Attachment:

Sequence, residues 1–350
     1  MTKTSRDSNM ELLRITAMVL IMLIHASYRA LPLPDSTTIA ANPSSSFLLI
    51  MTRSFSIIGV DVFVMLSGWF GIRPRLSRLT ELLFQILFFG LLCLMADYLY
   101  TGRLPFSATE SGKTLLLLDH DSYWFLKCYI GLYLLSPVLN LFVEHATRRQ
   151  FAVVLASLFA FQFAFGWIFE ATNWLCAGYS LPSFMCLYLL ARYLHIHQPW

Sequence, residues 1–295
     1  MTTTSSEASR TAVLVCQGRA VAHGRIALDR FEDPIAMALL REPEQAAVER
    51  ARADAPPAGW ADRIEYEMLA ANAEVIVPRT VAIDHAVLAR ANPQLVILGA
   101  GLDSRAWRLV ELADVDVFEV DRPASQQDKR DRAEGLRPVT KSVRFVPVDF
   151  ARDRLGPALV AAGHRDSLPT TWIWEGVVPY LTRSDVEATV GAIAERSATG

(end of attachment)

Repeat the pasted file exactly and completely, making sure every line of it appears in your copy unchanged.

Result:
Sequence, residues 1–350
     1  MTKTSRDSNM ELLRITAMVL IMLIHASYRA LPLPDSTTIA ANPSSSFLLI
    51  MTRSFSIIGV DVFVMLSGWF GIRPRLSRLT ELLFQILFFG LLCLMADYLY
   101  TGRLPFSATE SGKTLLLLDH DSYWFLKCYI GLYLLSPVLN LFVEHATRRQ
   151  FAVVLASLFA FQFAFGWIFE ATNWLCAGYS LPSFMCLYLL ARYLHIHQPW

Sequence, residues 1–295
     1  MTTTSSEASR TAVLVCQGRA VAHGRIALDR FEDPIAMALL REPEQAAVER
    51  ARADAPPAGW ADRIEYEMLA ANAEVIVPRT VAIDHAVLAR ANPQLVILGA
   101  GLDSRAWRLV ELADVDVFEV DRPASQQDKR DRAEGLRPVT KSVRFVPVDF
   151  ARDRLGPALV AAGHRDSLPT TWIWEGVVPY LTRSDVEATV GAIAERSATG